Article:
Lorna’s first ride in a motor car was in 1921, when Annie took her children to visit her retired parents at Middle Brighton in Melbourne. Phil was at Scotch College, but three-year-old Frank Lindsay Britton (born 1918) and one-year old David Kenneth Britton (known as Ken, born 1920) made the trip. From Smithton they travelled to Burnie in Joey Morton’s twice-weekly Model T Ford service:
I was terrified … and held on tightly when the engine was started and away we sped, followed by a dog barking furiously. Joey Morton said not to worry as we would soon lose it when we got around on to the straight where we could do 25 miles [40 kilometres] per hour.
The return Bass Strait crossing on the Marrawah, the tiny Holymans steamer, filled both Lorna and Annie with apprehension. Annie was a poor sailor. Lorna thought, ‘Well, I’ll be able to help with the children anyway’, but soon both were seasick. Frank was sick on the toilet floor, whereupon, as Lorna recalled,
The stewardess, a harsh-tongued woman, shouted at me to clean it up, but as I had nothing excepting the toilet paper to do this I grabbed Frank and quickly retreated to our stuffy cabin.
Fresh air and calmer seas revived the Brittons next day, enabling them to watch the stevedoring work at King Island. Through the afternoon they passed Hunter and Three Hummock Island, and in the evening a full moon provided a silvery path to Stanley, where the ship berthed beneath the huge grey-black rock of the Nut. There was time next morning to explore the tiny town before Tommy Hine picked the family up with his fancy double-seated buggy and pair of lively horses. Back at Christmas Hills, Elijah had freshened up the cottage with the first spring bulbs—golden daffodils, eggs and bacon and tiny snowdrops. ‘It was so lovely’, Lorna remembered, ‘that tears filled my eyes, realising also that we were “home”!’ It was, however, only a temporary home. The permanent one at the mill was two years away.
Meanwhile, Phil remembered his two years at Scotch College (1920–21) as
the best years of my life. I was able to get out of the bush for a while and the Launceston air was good for my health, besides all the friends I made and learnt to play sport as well was education.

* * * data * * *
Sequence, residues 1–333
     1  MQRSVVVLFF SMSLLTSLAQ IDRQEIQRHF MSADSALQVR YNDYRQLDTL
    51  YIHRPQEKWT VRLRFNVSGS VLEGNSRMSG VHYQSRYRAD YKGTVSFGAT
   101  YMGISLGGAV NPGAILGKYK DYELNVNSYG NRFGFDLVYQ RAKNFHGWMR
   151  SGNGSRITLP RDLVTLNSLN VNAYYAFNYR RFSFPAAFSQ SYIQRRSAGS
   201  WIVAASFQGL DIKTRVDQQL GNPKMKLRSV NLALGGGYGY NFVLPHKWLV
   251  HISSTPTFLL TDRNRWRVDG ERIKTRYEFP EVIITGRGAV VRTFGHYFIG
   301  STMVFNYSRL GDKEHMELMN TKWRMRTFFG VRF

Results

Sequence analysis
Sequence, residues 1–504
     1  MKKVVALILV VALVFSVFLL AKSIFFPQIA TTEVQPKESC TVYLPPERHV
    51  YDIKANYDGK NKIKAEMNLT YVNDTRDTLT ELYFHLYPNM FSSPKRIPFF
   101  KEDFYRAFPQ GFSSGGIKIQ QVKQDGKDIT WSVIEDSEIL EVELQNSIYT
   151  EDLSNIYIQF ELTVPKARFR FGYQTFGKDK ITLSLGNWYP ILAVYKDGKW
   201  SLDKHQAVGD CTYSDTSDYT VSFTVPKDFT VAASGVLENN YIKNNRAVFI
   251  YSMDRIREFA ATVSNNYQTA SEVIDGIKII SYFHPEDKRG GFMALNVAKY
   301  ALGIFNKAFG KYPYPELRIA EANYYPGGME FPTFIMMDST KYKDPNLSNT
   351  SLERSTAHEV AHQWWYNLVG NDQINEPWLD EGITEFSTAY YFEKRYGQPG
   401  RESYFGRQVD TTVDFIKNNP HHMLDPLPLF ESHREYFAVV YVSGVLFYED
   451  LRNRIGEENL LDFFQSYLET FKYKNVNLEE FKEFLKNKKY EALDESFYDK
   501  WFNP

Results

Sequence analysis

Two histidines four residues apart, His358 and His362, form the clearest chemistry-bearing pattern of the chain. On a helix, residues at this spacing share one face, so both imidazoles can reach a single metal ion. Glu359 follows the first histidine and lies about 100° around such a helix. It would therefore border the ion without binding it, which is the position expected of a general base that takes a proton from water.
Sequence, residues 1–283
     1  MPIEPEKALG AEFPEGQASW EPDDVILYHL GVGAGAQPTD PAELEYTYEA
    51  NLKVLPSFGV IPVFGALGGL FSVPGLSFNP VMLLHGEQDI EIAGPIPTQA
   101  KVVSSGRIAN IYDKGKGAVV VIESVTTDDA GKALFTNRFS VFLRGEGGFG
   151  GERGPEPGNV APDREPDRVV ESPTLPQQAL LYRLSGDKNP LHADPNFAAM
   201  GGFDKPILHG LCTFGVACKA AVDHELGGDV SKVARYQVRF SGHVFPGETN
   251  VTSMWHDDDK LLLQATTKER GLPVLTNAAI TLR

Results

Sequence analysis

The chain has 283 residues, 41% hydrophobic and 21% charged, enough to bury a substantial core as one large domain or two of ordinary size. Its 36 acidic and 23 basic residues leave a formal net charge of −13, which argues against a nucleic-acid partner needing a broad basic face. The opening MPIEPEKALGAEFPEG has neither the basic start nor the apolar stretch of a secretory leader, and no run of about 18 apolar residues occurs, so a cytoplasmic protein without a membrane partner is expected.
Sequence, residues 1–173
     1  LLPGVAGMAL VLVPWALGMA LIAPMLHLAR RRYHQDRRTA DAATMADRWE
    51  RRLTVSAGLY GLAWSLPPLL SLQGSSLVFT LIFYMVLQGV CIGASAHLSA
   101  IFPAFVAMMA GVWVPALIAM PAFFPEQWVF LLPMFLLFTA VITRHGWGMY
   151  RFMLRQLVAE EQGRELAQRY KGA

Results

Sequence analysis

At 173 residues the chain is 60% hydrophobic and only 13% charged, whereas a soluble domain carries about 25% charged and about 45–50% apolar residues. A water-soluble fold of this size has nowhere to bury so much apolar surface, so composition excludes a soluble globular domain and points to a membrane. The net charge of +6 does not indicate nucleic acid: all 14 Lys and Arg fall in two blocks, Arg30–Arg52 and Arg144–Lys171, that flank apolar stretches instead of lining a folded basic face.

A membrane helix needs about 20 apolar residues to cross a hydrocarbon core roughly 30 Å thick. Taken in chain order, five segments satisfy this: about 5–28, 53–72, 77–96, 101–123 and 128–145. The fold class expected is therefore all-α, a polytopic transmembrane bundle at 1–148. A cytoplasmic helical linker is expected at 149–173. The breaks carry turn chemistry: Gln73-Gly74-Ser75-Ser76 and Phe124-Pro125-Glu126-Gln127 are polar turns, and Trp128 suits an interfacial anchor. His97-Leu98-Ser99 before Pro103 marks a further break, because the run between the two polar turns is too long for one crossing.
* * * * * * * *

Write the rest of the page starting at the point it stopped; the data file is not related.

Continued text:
Phil was missed at Scotch when he left. In February 1922 his friend Viv wrote from the school to say that the boys had a holiday in honour of Princess Mary’s birthday:
Dear Old Phip [sic]
I wish you were back here now. I miss you terrible much.
Davvy and I went rabbiting yesterday we saw 5 rabbits but we didn’t get any … I lost my fount-pen for about 5 minutes yesterday. It dropped in the river and when I found it only the top was to be seen. In another 2 or 3 minutes I reckon it would have sunk…
Love from Viv
PS Davvy and I went rabbiting to-day and we caught two. We are going to have them for breakfast to-morrow.
A month later Les Acheson wrote, delighted that Youll from ‘Grammar’ might be joining Scotch College and that ‘Fordy’ might return to the school, increasing its chances of winning the cricket premiership.
There are a good few new chaps this term but nearly all nippers. I am in the 3rds at cricket. I suppose you drive the loco about.
Phil wasn’t the loco driver, but there was plenty to keep him busy. Returning after those two years in Launceston, his first job was to fell all the dry trees which threatened to fall on the house, keeping Annie in a state of anxiety. Phil had ceased to be known by his second name, Raymond, while he was at Scotch. Now, as his sister Lorna recalled, the same change happened at home:
I considered ‘Ray’ was much too sissy for such a tree killer and he should be called by his first name. So he became Philip or Phil—Philip Raymond.
 ‘The Holidays: In the Country: Christmas Hills’, Examiner 29 December 1916, p.6.